3D bioprinting is revolutionising the health industry with its ability to print human organs. From the creation of surgical tools to tissue and organ fabrication, 3D printing can save humanity from unnecessary suffering and save lives.
What is 3D printing?
Three-dimensional (3D) printing is a manufacturing method in which objects are made by fusing or depositing materials in layers to produce a 3D object. These objects can include plastic, metal, liquids, ceramics, powders or even living cells.
3D printing is also called rapid prototyping (RP), additive manufacturing (AM) or solid free-form technology (SFF). Though the 3D printers are like general inkjet printers, the product that is produced is 3D in nature.
It is important to note that two-dimensional (2D) radiographic images can be converted to digital 3D print files. This helps in the creation of complex and customised anatomical and medical structures. 2D radiographic images include x-rays, magnetic resonance imaging (MRI) or computerised tomography (CT) scans.
Benefits of 3D printing in healthcare
Some of the benefits of 3D printing in healthcare are:
- Increased productivity
- Increased cost efficiency
- Customisation of medical products, drugs, equipment
- Development of organs and tissues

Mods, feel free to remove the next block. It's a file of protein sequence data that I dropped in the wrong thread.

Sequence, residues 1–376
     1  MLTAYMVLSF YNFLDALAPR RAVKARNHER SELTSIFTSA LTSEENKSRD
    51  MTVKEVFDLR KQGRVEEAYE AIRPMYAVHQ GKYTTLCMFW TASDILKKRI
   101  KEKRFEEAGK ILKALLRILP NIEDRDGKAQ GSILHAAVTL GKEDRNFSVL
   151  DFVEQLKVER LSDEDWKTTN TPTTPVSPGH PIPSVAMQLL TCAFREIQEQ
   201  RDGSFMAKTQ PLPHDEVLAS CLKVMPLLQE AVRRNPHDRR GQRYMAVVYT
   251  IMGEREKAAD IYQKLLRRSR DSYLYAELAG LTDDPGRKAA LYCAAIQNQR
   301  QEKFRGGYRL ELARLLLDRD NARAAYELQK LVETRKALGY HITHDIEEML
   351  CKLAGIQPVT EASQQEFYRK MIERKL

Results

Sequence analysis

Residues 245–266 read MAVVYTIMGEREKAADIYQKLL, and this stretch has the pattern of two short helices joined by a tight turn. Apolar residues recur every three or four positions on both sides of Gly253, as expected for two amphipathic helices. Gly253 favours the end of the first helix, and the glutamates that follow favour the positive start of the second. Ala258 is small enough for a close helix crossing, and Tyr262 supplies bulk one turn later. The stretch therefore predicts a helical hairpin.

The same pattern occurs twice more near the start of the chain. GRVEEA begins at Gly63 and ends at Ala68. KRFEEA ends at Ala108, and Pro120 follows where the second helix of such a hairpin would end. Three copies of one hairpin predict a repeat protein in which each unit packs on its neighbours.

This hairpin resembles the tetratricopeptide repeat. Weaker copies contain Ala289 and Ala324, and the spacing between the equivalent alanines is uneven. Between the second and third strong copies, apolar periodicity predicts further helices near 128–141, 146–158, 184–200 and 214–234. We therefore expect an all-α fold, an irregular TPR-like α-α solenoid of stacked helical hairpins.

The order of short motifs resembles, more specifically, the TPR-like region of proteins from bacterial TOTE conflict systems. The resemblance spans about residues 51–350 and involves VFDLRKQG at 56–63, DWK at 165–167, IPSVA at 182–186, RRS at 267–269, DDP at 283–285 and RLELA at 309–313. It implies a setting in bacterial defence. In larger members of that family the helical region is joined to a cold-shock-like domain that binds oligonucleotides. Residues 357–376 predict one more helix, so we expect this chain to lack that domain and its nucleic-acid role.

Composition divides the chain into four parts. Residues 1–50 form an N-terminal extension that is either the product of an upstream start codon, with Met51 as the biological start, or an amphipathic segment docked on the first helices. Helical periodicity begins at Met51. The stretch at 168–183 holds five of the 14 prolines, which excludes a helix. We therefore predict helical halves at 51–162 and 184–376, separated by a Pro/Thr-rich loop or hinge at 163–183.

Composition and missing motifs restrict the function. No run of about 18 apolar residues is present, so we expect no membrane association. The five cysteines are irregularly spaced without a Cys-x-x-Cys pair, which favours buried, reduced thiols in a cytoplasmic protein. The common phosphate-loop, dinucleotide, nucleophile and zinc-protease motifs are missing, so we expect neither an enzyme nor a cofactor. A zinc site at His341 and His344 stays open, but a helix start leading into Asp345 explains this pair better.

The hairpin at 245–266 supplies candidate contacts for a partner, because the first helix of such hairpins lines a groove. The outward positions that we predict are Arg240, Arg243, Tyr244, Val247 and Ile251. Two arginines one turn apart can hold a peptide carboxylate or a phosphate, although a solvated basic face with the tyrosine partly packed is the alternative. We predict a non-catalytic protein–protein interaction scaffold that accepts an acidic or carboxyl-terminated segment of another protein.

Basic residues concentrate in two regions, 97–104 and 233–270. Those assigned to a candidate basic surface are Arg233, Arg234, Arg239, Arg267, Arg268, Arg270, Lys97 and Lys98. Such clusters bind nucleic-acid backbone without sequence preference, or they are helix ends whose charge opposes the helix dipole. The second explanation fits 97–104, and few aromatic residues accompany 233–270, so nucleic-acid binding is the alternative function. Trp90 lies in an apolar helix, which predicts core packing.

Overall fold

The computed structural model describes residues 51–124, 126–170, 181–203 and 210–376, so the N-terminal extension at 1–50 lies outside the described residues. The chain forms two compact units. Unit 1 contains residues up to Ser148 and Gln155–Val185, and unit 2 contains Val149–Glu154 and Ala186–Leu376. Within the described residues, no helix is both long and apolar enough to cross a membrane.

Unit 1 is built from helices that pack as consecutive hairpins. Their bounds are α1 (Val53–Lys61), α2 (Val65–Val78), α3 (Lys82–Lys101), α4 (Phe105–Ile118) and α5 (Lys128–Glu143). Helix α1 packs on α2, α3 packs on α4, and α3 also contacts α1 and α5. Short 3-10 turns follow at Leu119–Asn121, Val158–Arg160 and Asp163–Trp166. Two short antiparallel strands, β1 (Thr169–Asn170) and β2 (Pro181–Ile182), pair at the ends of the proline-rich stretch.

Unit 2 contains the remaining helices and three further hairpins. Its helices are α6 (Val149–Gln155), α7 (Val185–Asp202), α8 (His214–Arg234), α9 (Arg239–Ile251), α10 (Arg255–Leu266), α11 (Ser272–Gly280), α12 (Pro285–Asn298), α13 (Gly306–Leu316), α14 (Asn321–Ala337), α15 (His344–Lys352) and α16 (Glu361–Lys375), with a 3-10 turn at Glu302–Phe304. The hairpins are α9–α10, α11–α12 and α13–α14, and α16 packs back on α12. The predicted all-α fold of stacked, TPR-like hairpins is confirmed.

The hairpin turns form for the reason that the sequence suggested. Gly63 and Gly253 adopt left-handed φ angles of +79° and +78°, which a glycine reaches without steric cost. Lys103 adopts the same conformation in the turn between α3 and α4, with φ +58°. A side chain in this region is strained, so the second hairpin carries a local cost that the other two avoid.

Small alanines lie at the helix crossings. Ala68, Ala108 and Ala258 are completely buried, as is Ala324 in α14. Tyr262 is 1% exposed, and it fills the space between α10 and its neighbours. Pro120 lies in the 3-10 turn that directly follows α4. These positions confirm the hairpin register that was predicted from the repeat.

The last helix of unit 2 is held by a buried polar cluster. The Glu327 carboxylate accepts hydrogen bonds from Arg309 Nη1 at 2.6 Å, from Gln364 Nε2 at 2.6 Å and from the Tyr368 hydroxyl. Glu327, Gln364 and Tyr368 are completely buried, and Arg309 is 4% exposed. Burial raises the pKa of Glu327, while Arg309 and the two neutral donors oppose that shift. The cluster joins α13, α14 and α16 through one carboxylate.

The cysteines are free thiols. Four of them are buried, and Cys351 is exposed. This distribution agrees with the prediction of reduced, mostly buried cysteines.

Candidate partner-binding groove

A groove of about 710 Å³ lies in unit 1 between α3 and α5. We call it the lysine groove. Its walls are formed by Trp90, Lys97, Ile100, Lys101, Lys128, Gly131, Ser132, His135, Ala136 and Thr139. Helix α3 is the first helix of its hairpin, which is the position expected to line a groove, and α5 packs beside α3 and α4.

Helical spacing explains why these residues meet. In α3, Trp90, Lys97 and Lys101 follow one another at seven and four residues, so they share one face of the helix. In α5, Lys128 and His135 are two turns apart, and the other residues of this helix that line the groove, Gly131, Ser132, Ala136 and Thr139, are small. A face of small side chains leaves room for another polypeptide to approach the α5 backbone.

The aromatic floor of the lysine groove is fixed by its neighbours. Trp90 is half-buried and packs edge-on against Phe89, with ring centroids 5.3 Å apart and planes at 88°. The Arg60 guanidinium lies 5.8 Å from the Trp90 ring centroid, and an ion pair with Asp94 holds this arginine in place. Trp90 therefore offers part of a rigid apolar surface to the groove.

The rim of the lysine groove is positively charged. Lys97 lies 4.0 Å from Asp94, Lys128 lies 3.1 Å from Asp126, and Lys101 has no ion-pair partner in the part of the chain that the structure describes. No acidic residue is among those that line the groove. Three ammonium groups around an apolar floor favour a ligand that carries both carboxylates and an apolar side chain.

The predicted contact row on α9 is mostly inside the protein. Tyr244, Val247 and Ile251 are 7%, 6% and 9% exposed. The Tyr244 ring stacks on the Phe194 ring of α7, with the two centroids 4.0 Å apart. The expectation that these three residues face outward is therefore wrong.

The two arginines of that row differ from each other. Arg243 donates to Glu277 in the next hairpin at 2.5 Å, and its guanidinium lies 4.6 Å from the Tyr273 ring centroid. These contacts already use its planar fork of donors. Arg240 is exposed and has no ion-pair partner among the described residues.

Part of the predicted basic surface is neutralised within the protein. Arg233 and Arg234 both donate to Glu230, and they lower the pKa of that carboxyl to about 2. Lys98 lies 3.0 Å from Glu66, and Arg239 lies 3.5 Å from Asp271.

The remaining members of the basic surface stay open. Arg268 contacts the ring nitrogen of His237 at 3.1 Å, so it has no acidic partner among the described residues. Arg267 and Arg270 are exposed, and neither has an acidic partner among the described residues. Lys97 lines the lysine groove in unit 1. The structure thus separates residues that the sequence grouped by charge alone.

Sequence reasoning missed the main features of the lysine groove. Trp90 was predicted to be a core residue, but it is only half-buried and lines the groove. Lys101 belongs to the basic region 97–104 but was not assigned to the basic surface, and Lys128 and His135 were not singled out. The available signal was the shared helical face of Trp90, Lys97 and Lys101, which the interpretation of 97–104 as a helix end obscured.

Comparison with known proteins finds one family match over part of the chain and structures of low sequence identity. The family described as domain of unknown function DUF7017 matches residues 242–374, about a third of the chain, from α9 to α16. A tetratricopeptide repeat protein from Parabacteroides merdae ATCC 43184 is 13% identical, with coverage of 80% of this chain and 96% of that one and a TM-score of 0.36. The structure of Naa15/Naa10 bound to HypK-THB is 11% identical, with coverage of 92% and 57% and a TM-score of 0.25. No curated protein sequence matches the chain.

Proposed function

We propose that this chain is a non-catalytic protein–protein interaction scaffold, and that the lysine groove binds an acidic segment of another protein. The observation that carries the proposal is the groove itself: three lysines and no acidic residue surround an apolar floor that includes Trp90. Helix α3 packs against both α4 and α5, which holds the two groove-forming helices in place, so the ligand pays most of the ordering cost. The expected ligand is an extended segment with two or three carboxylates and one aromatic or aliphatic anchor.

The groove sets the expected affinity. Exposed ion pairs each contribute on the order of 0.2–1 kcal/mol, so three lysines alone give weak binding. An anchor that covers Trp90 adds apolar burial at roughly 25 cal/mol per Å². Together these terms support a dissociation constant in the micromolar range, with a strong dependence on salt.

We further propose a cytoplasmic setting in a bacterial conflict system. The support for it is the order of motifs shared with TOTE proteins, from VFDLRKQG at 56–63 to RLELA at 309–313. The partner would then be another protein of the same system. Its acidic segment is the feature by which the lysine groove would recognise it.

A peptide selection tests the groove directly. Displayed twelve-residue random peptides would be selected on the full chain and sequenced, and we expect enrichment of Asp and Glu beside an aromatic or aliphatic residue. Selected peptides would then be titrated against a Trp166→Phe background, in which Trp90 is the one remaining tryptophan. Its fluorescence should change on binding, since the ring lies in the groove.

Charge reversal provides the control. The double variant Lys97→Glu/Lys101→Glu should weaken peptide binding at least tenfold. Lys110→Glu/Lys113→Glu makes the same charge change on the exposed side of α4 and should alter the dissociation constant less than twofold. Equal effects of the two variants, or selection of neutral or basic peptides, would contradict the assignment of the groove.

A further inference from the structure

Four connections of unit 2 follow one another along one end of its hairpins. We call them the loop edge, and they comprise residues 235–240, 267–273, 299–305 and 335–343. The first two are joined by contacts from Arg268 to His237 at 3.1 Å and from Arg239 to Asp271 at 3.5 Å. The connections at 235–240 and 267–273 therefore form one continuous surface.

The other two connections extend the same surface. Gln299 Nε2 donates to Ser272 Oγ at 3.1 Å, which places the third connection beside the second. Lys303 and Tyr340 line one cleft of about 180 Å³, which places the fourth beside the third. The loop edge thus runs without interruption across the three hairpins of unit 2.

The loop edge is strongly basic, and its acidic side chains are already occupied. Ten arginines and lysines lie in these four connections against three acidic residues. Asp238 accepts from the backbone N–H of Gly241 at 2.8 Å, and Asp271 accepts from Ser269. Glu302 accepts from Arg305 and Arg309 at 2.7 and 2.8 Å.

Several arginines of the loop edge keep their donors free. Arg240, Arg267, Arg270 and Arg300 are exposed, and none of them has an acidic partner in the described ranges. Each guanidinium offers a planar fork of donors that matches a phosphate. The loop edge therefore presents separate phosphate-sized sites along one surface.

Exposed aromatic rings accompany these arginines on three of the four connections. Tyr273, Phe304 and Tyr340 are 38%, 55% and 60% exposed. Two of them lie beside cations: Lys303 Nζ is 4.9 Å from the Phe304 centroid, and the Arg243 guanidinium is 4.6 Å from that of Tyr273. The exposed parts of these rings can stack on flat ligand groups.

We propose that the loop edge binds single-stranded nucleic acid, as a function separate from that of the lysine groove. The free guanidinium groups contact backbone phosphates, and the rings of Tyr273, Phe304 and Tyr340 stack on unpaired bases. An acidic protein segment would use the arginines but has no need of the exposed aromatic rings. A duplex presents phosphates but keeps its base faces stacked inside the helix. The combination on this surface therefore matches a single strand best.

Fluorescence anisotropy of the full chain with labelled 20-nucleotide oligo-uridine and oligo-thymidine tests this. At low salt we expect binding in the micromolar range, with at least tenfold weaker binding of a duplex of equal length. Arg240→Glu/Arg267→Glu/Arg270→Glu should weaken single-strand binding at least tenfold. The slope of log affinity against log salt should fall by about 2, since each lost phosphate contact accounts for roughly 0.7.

Applications of 3D printing in healthcare
- Bio-printing tissues and organs
- Customised implants and prostheses
- Anatomical models for surgical preparation
- 3D-printed dosage forms and drug delivery devices
- Dental guides and automated suturing
- Surgical tools and other medical equipment
- Pharmaceutical and cancer research
For example, scientists at Pandorum Technologies arranged the liver cells into three-dimensional tissue architecture. These cells are encapsulated in a kind of hydrogel. The hydrogel or bio-ink is made up of glucose, proteins and living cells from insects. The team used an indigenously developed 3D bio-printer to bio-print mini-livers.
Dr. Stuart Williams and researchers are working on a new project at the University of Louisville that allows doctors to build a 3D printed heart using live fat cells. The heart will be known as a 'bioficial heart'. With the help of Oxford Performance Materials 3D printer, 75% of a patient's skull was replaced with an implant called steoFab Patient-Specific Cranial Device. The implant was made from a PEKK polymer which is similar to bone.
Depending on the functionality, print materials and size, the prices for Stratasys' line of 3D printers range from Rs. 4 lakh to Rs. 4 crore approximately. It took Pandorum Technologies Rs. 1 crore to print 10 million human liver cells in order to produce 5 mm-sized liver tissues. Scientists and surgeons who want to use 3D bioprinting for organs and surgical tools can avail of a doctor loan to leverage these costs.
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